mailing list archives
Re: Re: computer with rootkit?
From: "Jamie Ivanov" <jamie.ivanov () gmail com>
Date: Thu, 29 Sep 2011 17:47:59 +0000
I never said they came alone, don't twist my words. I didn't feel like giving a whole history or breakdown on malicious
My point on combofix, like the others, should not be trusted in a hot and infected system. I've seen combofix miss
major infections. A great product yes. Nothing what I said was comprehensive so quit treating it as such.
As far as downtime, I'm well aware. Fixing a rootkit and analyzing the registry can be done in a half hour or less and
a system can be returned to production status. Rebuilding a system can take hours from the image deployment or RIS to
updates to policies to deployed software. I'm used to working in large corporate environments. I'm well aware of all of
I don't underestimate them, I admire them. Which is why I've spent my time on the other side of field and reverse
engineer these infections. They are beautiful but once you understand how they work in an operating system, its simply
no longer a big deal and rather easy to remove.
Jamie Ivanov / KC9LFD
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Sent from my BlackBerry
From: Adam Pal <pal_adam () gmx net>
Date: Thu, 29 Sep 2011 19:40:10
To: Jamie Ivanov<jamie.ivanov () gmail com>
Reply-To: Adam Pal <pal_adam () gmx net>
Cc: Brian Rogalski<brogalski () bkrservices com>; <listbounce () securityfocus com>; security basics<security-basics ()
Subject: Re: computer with rootkit?
Your statement is not correct. Rootkits dont come alone, they use
worms, botnets, dorppers, polymorphic encryption basicaly all
Usual drivers and system files are being replaced, simple registry
entries as mentioned in the list are not longer in use, the malware
use much more sophisticated ways to conceal its presence.
Are you sure that combofix use no system calls/libraries?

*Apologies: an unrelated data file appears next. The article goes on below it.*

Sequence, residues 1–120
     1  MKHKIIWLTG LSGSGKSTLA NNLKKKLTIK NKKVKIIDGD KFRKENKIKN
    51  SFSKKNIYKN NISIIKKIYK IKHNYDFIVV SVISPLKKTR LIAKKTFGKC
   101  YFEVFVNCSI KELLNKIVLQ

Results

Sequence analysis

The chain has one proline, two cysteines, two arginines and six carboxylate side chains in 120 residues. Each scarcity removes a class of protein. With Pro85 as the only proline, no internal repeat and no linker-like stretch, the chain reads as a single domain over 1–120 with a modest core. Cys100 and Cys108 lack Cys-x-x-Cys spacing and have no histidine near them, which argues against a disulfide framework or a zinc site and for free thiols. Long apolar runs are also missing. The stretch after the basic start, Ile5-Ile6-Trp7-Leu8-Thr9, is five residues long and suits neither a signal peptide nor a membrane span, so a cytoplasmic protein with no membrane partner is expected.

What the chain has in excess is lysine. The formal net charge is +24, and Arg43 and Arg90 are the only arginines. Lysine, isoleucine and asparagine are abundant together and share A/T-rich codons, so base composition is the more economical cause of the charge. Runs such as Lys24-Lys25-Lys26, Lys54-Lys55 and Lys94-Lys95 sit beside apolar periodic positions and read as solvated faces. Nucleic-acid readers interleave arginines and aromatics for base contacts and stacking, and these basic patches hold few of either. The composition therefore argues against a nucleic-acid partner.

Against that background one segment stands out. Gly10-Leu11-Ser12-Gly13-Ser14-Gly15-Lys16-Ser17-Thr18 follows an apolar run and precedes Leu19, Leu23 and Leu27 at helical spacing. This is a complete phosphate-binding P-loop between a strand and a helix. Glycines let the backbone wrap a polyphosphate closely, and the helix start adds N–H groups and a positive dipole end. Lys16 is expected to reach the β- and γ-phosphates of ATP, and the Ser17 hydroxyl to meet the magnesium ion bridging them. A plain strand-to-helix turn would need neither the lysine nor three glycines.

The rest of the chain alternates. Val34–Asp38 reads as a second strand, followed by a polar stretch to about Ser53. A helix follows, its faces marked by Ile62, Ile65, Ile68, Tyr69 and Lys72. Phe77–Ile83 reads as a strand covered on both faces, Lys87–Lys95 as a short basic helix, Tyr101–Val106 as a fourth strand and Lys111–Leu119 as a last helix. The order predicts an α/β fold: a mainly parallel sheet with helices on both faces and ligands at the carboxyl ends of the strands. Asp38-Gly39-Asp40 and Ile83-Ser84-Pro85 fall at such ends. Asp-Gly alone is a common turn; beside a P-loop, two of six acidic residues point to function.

Those who have suggested a reinstall have experience in working
environments and know that a system outage means to loose time which
means to loose money. To replace the system using a default image
(part of BCM/DRP) is a mater of minutes.
Please dont take me wrong, but those who underestimate a rootkit
infection should be ashamed.
Thursday, September 29, 2011, 6:35:31 PM, you wrote:
<==============Original message text===============
JI> Clearly you don't have any experience with rootkits. If one were
JI> to get loaded from boot (bootkit) to initialize a driver or hook a
JI> driver, once the kernel SSDT gets modified your process list
JI> becomes inaccurate. You cannot perform *ANY* rootkit removal on an
JI> active system or your changes will be nullified by monitoring hooks.
JI> You need an offline environment like the Hirens boot CD to load
JI> portable envoronment. Not only wipe the mbr but check loaded
JI> drivers at each runlevel then check local user and global registry
JI> startup points. Also a system file check to verify/replace
JI> modified system files. Then, and only then, you can even run your
JI> malware finders such as combofix, malwarebytes antimalware, and spybot s&d.
JI> Repairing a rootkit infection is not that difficult. I've been
JI> reverse engineering them for years. Those who have suggested a reinstall should be ashamed.
JI> Jamie Ivanov / KC9LFD
JI> Blackberry: 32DD619E
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JI> This transmission (including any attachments) may contain
JI> confidential information, privileged material (including material
JI> protected by the solicitor-client or other applicable privileges),
JI> or constitute non-public information. Any use of this information
JI> by anyone other than the intended recipient is prohibited. If you
JI> have received this transmission in error, please immediately reply
JI> to the sender and delete this information from your system. Use,
JI> dissemination, distribution, or reproduction of this transmission
JI> by unintended recipients is not authorized and may be unlawful.
JI> Sent from my BlackBerry
JI> -----Original Message-----
JI> From: Brian Rogalski <brogalski () bkrservices com>
JI> Sender: listbounce () securityfocus com
JI> Date: Thu, 29 Sep 2011 07:01:20
JI> To: security basics<security-basics () securityfocus com>
JI> Subject: RE: computer with rootkit?
JI> There are a few things that you could try...
JI> Use tools like process hacker, what's running, capture bat and regshot ...
JI> Process explorer and process monitor can tell you what path and device
JI> files are being used. Also look at the
JI> (HKLM\currentversion\microsoft\windows\software\run) key in the registry
JI> ... most malicious program want to stay resident after a reboot... You can
JI> use a tool called autoruns at well.
JI> It looks like you may have a Kernel mode root kit. There is only so far
JI> that those tools will take you .. To complete your process you are going
JI> to have to dump the executable to a unaffected machine and perform more
JI> behavioral analysis follow by code and memory forensics.
JI> Hope that helps
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